According to the old saying, “there is strength in numbers.” This is something that criminals have learned, as well, and although some prefer the “lone wolf” approach, others have found it more effective and lucrative to become part of a gang.
Today we will be touring through the annals of crime, as we take a look at some of the most notorious, unique, and ruthless gangs in British history.
8. The Cock Road Gang
During the late 18th century, Kingswood Forest in South Gloucestershire was a lawless land, that served as a hideout for many rogues, swindlers, and malefactors, and most notorious of all was the Cock Road Gang.
Named after a tiny hamlet near the city of Bristol, the Cock Road Gang was active for decades and consisted, mainly, of multiple generations of the same family – the Caines – accompanied by their friends and confederates. That being said, it is unclear if the gang was started by the Caines or if they merely took it over. One issue of the Bristol Gazette from 1786 writes about the execution of two members for counterfeiting and robbery – Joseph Fry and Samuel Ward – but makes no mention of the Caines family. The same issue reported that the gang “kept the neighborhood in so much dread that people used to pay them an annual stipend not to rob them.”
The year 1815 was a turning point for the gang, after storming a lock-up to free one of their members and attacking two local constables. Afterward, a posse of watchmen from Bristol assembled and raided the houses of all the known gang members and arrested 25 people. Reverend and historian H. T. Ellacombe revealed the end of the Cock Road Gang came in 1817 after most of the Caines had been executed or transported:
“The eldest son George was transported for life for housebreaking; Thomas and Benjamin were executed for burglary; Thomas, Joseph and Samuel transported for burglary; James, a grandson of old Benjamin, executed for murder; Francis and Thomas, grandsons, transported; other descendants transported or executed; three daughters had their respective husbands executed or transported.”
7. The Sabini Family
Although it had been mostly forgotten for almost a century, the Sabini Family, which was once the most powerful gang in London, is once again well-known thanks to it being featured on the TV show Peaky Blinders, but more on them later.
The Sabini Family was led by Charles “Darby” Sabini, the son of an Italian father and an English mother. Born in Clerkenwell Green, in London, Sabini started as a brawling hoodlum before he assembled a crew of his own that mainly handled racketeering and fencing. His power grew during the 1920s when he took over the protection and extortion rackets for racecourses, a highly lucrative business.
In the TV show, Sabini feuded with the Peaky Blinders and the Jewish gang led by Alfie Solomons. In real life, his main enemies were the Birmingham Boys led by Billy Kimber and the Elephant and Castle Mob headed by the McDonald brothers. Even though his opponents allied themselves against him, Sabini came out on top. Their feud culminated with a violent brawl in 1927 on Waterloo Road where eight men were killed. The fight brought too much police attention and both the McDonalds and Billy Kimber decided to flee to America, leaving the Sabini Gang in charge.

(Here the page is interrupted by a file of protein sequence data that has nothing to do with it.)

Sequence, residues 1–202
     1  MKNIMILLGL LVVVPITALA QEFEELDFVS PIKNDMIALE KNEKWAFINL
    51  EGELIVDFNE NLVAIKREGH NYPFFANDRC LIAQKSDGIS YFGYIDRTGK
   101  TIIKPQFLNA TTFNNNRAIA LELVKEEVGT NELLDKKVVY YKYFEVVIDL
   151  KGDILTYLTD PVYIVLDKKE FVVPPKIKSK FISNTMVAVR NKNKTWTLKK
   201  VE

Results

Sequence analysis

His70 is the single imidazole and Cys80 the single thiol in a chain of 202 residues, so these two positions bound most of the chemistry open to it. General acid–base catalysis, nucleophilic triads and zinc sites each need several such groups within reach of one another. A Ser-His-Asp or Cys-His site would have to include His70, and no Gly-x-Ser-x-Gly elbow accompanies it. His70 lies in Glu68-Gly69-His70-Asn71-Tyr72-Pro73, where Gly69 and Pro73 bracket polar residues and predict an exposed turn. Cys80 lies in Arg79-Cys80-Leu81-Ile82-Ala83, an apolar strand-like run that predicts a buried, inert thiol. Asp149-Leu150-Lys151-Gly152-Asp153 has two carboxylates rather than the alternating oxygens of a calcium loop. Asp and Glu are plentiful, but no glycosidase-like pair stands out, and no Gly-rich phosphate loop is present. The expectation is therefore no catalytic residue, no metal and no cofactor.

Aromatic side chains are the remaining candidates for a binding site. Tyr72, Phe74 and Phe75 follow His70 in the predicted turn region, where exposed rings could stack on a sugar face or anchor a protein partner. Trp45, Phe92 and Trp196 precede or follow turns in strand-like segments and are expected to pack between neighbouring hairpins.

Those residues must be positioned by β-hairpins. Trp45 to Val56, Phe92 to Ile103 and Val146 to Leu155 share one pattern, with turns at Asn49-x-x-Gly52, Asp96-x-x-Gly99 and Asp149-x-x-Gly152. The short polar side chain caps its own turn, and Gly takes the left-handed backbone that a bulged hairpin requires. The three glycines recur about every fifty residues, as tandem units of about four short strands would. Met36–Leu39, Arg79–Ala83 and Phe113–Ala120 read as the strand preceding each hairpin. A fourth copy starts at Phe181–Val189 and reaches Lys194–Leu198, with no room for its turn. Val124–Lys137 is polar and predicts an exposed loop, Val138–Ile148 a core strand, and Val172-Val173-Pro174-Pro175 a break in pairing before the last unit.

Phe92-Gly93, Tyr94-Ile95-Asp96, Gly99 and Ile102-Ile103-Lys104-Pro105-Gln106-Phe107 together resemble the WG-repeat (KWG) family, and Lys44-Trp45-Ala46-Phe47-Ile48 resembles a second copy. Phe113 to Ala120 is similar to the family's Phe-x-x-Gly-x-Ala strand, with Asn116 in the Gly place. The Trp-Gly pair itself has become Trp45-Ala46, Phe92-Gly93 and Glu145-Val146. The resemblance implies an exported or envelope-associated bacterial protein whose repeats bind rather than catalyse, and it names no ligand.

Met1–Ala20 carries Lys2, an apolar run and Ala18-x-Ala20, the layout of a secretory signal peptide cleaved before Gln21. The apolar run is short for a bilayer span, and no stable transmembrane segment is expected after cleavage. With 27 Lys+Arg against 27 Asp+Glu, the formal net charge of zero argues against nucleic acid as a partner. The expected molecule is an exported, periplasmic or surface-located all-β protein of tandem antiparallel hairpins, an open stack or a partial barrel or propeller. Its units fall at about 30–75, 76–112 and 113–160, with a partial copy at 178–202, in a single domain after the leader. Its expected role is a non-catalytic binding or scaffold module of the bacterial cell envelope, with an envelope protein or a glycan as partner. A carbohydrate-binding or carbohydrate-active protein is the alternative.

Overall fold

Their power slowly dwindled during the 1930s and Darby took a step back as his brother, Harry Sabini, assumed the leadership role. During World War II, both brothers were arrested and imprisoned as “enemy aliens,” although they were eventually released because their mother was English. Of course, by that point, the Sabini Gang was a shell of its former self, and other London mobsters such as Billy Hill and the White Family were more than ready to take over.
6. The Forty Elephants
Compared to other gangs on this list, the Forty Elephants might not seem so bad. They were rarely violent and they mostly resorted to shoplifting from fancy stores. But this allowed them to keep a low profile and they managed to operate a lot longer than any other gang on this list. Records suggest that the group was in existence for at least 80 years, between 1870 and 1950, and for as long as 200 years. And there was one more thing – the Forty Elephants consisted entirely of women.
They got their name from the Elephant and Castle area of London where they were based. That’s the same place where the Elephant and Castle Mob were from and the two groups often worked side-by-side and, indeed, more than a few of them were married to each other.
The Forty Elephants took advantage of the morals of the day. They walked into stores wearing heavy coats, bloomers, crinolines, and skirts that had hidden pockets sewn on the inside, knowing that, more often than not, the staff and even the police would be too prudish to search them. Those who did get caught often only spent a few months in jail.
Most of them were careful never to wear the things they stole, instead preferring to fence the goods and buy their own clothing and jewelry legitimately. They had their heyday during the interwar period, especially during the decadent 1920s when they became known for throwing lavish parties and indulging in the new flapper lifestyle. Their activity slowly declined following World War II, although it is still unclear what exactly brought a permanent end to the Forty Elephants.
5. The Richardson Gang
The Kray Twins are, without a doubt, London’s most notorious gangsters, who ruled the city’s criminal underworld during the mid 20th century. But even at the height of their power, they were not completely untouchable. They’ve always had a thorn in their side and that thorn’s name was the Richardson Gang.
Led by brothers Charlie and Eddie Richardson, this gang based out of South London garnered a fearsome reputation for extreme sadism, cruelty, and torture, all employed to protect their criminal empire which was based mainly around fraud, protection rackets, and drug dealing.
Catching a beating from the Richardsons was known as “taking a shirt from Charlie,” referring to the fact that Charlie Richardson gave the victim a new shirt when they were sent home since their own clothes would have been covered in blood. Some of the gang’s go-to techniques involving nailing the victim to the floor, using electric shocks on their genitals, and cutting off their toes with bolt cutters.
Other prominent members of the Richardson Gang included “Mad” Frankie Fraser, whose favorite punishment involved pulling teeth out with pliers, and George Cornell, who was murdered by Ronnie Kray inside the Blind Beggar.
The Richardson Gang came to an end in 1966 when both brothers and ten other members were arrested on various charges. They were given long prison sentences following what became known in the British media as the “torture trial.”